THIS year’s Big Butterfly Count paint a better picture for butterflies than had been feared.

The wetter summer was good for butterflies, with average number of butterflies spotted being highest number for four years.

In total, over 1.5 million butterflies and day-flying moths were recorded from 14 July - 6 August. This builds on the all-time low in 2022. 

The most-seen species this year was the Red Admiral, with 248,077 recorded - an increase of 338% on last year’s Count and the first time the species, which is increasing in the UK as a result of climate change, has taken the top-spot.

However, this good news is in contrast with what the long-term trends are revealing. Released for the first time this year, these show that since the Big Butterfly Count started 13 years ago, many species have significantly decreased. It is a further warning sign that nature everywhere is in crisis – butterflies, as well as forming a vital part of the food chain, are considered significant indicators of the health of the environment.

Dr Richard Fox, Head of Science at Butterfly Conservation, explained: ‘One of the biggest threats butterflies in the UK face is habitat loss. While the weather certainly has an impact on numbers from year to year, butterflies, moths and many other species can generally cope with variable weather. What they can’t cope with is habitat destruction.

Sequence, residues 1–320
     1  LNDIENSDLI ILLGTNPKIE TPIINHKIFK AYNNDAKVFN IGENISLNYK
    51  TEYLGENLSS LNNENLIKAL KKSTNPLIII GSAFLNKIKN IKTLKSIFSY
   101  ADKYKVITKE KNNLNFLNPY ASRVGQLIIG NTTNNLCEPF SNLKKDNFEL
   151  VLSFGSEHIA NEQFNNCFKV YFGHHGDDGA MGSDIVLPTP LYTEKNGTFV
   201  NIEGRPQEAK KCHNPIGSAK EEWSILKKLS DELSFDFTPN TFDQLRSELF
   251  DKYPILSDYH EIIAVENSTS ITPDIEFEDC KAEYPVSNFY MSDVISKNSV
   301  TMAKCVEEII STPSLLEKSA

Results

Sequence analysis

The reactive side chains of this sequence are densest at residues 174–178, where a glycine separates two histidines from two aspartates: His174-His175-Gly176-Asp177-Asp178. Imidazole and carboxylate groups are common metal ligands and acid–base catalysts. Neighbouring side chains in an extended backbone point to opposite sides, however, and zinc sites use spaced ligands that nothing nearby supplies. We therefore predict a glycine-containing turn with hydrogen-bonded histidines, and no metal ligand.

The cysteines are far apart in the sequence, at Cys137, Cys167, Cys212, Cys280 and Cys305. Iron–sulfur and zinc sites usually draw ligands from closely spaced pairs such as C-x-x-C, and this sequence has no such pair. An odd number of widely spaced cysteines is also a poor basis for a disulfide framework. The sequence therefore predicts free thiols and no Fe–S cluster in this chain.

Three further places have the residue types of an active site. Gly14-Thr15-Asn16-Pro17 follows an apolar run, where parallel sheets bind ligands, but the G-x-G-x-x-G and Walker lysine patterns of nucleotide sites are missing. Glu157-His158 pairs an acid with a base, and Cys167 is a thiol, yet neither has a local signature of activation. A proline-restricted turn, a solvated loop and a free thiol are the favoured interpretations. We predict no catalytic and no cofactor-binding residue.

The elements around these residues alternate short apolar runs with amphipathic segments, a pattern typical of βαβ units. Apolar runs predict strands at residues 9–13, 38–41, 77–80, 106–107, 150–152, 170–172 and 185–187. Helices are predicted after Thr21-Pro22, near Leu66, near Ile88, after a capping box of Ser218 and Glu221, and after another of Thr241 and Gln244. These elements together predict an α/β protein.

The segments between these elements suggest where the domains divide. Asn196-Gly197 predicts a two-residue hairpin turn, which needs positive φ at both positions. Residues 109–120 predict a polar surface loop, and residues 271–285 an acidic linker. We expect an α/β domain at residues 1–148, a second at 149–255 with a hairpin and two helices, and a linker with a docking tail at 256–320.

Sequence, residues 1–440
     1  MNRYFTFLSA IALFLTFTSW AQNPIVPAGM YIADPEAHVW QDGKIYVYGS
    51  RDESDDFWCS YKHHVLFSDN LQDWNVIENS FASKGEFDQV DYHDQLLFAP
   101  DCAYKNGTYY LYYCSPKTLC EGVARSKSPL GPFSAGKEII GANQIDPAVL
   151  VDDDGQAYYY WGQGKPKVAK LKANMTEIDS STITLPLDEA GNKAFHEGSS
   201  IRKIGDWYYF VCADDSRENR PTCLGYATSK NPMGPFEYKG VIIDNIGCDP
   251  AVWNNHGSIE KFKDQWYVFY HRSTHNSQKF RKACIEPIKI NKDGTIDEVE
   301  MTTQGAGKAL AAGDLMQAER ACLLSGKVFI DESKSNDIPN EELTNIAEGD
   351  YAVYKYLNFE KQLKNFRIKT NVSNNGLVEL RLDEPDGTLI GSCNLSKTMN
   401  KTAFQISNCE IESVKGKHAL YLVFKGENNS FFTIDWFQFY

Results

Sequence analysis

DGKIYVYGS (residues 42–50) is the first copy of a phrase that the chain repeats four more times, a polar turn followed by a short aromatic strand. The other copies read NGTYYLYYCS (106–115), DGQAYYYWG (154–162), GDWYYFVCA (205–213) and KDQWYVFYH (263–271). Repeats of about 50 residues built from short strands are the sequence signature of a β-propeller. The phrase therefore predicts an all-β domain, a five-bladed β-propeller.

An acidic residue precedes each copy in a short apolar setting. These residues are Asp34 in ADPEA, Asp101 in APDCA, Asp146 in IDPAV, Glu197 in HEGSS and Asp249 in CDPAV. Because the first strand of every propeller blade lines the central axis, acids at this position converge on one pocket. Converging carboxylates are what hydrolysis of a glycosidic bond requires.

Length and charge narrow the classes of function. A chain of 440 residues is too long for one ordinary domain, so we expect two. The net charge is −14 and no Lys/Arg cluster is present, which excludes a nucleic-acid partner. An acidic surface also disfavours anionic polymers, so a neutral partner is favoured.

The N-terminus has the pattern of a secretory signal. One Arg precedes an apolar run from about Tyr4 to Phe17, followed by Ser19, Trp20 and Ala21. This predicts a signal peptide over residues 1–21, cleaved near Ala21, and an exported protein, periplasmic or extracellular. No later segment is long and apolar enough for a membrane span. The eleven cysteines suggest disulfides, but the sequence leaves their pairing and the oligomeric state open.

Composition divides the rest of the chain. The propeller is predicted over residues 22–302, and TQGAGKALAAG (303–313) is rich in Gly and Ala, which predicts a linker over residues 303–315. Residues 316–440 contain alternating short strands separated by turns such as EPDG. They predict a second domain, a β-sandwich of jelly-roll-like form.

‘Butterflies need a place to live. If they can feed, breed and shelter, they can thrive. By creating a Wild Space in your outdoor area you can help to reverse the losses and start to turn around the fortunes of our declining butterflies.’

Anyone, anywhere, can create a Wild Space. Whether it’s leaving a patch of long grass in your garden or planting a small selection of nectar rich plants on a balcony, the opportunities are vast and everyone can make a difference. 

Dr Richard Fox concluded: 'Nearly 137,000 Big Butterfly Counts were recorded this summer and if every single person who helped with the Count creates a Wild Space, we can build a UK-wide network of spaces for butterflies to feed, breed and shelter. By creating a Wild Space everyone can make a difference and help butterflies and moths thrive.'

Butterfly Conservation has free resources and guidance on creating a Wild Space available, including accessible, tailored, simple advice for anyone to have a go. 

To find out more about Wild Spaces visit:

To find out more about Butterfly Conservation visit: